As Google rolls out a slew of new features for Android and Daydream, one stood out as a triumphant convergence of a number of projects from parent company Alphabet, including Project Tango, Google Maps, and Lens. It’s called the Visual Positioning System, or VPS, and it uses internal sensors and cameras to help you navigate the world around you.
The practical use is simple, even if the underlying technology isn’t. Users can walk into a store and point their phone’s camera in front of them. After identifying what it is you’re looking for, VPS will kick in, using visual data and previous sessions to point you in the right direction. Google showed it off in a hardware store, but it’s not hard to imagine how the technology could be extended to malls, large stadiums, theme parks, or museums.
As it turns out, learning is one of the main goals for the VPS, as well as Google’s augmented reality plans at large. Through what Google is calling Expeditions, kids, and really any curious minds, can explore intangible or difficult to visualize scientific concepts as if they were right in front of them.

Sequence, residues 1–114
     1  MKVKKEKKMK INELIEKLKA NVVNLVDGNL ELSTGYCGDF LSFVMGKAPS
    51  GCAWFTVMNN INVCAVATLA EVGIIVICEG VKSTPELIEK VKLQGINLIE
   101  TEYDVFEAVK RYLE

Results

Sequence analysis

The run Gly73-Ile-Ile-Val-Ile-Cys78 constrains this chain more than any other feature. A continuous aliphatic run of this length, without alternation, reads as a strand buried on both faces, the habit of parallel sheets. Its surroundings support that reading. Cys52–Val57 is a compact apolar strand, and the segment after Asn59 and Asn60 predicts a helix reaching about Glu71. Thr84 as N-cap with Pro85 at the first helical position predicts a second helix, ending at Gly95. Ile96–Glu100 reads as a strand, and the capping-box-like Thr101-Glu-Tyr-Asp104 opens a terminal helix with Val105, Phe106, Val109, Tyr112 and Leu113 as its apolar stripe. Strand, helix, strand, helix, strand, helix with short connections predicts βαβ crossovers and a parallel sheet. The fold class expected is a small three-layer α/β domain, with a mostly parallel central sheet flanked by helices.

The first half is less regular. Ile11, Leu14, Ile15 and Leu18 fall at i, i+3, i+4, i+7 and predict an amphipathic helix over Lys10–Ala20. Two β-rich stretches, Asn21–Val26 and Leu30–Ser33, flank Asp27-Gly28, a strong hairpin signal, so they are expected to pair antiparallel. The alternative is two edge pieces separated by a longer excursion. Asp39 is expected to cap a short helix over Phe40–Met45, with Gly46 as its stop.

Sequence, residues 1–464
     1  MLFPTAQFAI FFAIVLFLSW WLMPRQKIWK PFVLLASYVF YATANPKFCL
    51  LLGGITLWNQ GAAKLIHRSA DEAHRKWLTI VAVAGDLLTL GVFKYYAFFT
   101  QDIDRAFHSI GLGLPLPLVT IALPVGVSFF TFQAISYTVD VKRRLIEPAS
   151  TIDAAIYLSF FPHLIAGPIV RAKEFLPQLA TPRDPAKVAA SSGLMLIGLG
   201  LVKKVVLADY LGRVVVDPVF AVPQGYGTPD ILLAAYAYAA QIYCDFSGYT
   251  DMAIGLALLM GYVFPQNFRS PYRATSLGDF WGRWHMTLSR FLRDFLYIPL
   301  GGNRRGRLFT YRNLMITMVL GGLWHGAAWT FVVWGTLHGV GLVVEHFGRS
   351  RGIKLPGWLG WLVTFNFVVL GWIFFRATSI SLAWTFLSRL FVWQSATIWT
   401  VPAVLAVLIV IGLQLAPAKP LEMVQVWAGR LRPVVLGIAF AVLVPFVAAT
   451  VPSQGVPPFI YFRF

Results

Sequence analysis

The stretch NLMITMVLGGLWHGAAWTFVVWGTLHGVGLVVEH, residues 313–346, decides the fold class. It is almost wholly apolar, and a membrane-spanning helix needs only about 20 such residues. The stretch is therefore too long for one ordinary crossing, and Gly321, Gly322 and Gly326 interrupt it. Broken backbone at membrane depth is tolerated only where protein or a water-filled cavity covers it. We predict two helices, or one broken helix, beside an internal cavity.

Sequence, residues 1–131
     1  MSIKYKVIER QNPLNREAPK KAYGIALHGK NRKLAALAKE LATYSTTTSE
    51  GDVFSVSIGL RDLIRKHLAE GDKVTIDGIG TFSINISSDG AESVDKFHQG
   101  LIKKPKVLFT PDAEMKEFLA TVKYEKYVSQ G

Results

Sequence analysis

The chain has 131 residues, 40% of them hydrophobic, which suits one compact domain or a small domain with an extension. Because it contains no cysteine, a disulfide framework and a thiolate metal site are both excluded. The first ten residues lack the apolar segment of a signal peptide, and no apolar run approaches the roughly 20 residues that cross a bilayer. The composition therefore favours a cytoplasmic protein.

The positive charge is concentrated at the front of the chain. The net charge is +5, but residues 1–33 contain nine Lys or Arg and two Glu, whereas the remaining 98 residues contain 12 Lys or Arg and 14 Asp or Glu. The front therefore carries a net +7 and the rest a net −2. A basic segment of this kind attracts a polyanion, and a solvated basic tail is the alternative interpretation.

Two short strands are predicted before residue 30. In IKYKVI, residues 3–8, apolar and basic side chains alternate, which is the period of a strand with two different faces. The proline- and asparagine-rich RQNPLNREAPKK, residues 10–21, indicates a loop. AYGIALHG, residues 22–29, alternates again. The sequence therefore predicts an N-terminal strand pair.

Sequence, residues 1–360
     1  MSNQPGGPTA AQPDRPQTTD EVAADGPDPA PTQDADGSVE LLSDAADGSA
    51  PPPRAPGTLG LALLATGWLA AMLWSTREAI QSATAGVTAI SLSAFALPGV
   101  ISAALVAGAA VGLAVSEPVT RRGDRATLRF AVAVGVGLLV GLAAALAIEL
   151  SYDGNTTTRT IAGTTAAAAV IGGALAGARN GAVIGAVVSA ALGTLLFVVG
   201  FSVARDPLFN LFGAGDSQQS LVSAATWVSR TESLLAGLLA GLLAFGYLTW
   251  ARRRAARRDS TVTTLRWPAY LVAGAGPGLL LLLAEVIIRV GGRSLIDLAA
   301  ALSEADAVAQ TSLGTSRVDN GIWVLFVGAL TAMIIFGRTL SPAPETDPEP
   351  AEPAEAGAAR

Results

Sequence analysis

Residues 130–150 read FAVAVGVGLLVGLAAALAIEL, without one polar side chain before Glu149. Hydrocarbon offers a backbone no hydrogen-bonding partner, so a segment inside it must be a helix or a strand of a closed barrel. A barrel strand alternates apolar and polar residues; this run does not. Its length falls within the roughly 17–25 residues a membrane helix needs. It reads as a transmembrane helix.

While Expeditions has been around for two years, it was previously based on virtual reality utilizing Google Cardboard. Now, using compatible phones, students were shown wandering about a classroom examining lungs, volcanoes, and strands of DNA. Google says the tech works as described now, and the Asus Zenphone coming later this year will be the first to implement the new and improved Project Tango.
While it may not seem like the most exciting tech, Google’s VPS takes the troubled Project Tango and cements it into a real, usable feature with a huge amount of potential. Beyond just preventing everyday users from awkward conversation about where to find “that one thing with the handles” at Costco, it could help users with limited sight or mobility navigate complex areas, or bring artwork and learning experiences into classrooms where they might not fit through the door.
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